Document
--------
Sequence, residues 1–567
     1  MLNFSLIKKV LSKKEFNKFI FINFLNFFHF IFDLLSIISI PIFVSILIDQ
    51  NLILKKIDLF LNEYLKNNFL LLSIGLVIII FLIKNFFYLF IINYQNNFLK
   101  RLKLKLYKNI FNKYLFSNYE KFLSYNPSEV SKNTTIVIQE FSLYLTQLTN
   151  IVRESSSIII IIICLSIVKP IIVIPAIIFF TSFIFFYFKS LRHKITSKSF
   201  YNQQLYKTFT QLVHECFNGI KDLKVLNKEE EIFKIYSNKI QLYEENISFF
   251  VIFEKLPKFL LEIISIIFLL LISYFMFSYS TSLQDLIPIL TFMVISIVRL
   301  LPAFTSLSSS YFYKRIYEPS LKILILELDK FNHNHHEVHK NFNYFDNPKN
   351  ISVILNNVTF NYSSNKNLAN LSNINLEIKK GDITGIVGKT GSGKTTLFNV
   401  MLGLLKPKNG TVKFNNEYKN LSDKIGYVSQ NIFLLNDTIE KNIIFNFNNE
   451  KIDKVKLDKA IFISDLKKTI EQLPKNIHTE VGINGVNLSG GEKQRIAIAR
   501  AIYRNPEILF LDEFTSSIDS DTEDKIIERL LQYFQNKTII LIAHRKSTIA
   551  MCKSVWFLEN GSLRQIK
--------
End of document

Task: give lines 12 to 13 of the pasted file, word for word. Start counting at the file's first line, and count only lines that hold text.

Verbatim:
   501  AIYRNPEILF LDEFTSSIDS DTEDKIIERL LQYFQNKTII LIAHRKSTIA
   551  MCKSVWFLEN GSLRQIK